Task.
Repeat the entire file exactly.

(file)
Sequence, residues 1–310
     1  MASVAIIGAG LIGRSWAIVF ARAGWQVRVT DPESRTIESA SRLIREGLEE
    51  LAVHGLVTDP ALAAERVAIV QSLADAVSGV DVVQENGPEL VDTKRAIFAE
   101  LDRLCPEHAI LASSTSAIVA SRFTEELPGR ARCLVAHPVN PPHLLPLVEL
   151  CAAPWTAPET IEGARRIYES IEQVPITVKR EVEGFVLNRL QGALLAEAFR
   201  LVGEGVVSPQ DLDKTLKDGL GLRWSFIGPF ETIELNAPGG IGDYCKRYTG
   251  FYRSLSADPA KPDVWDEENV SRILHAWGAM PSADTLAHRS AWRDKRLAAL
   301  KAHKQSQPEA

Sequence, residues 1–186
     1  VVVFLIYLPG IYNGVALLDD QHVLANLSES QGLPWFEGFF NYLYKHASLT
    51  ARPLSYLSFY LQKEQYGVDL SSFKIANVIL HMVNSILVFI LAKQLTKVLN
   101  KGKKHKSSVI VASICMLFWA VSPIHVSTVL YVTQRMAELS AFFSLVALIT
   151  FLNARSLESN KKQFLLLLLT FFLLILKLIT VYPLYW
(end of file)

Sequence, residues 1–310
     1  MASVAIIGAG LIGRSWAIVF ARAGWQVRVT DPESRTIESA SRLIREGLEE
    51  LAVHGLVTDP ALAAERVAIV QSLADAVSGV DVVQENGPEL VDTKRAIFAE
   101  LDRLCPEHAI LASSTSAIVA SRFTEELPGR ARCLVAHPVN PPHLLPLVEL
   151  CAAPWTAPET IEGARRIYES IEQVPITVKR EVEGFVLNRL QGALLAEAFR
   201  LVGEGVVSPQ DLDKTLKDGL GLRWSFIGPF ETIELNAPGG IGDYCKRYTG
   251  FYRSLSADPA KPDVWDEENV SRILHAWGAM PSADTLAHRS AWRDKRLAAL
   301  KAHKQSQPEA

Sequence, residues 1–186
     1  VVVFLIYLPG IYNGVALLDD QHVLANLSES QGLPWFEGFF NYLYKHASLT
    51  ARPLSYLSFY LQKEQYGVDL SSFKIANVIL HMVNSILVFI LAKQLTKVLN
   101  KGKKHKSSVI VASICMLFWA VSPIHVSTVL YVTQRMAELS AFFSLVALIT
   151  FLNARSLESN KKQFLLLLLT FFLLILKLIT VYPLYW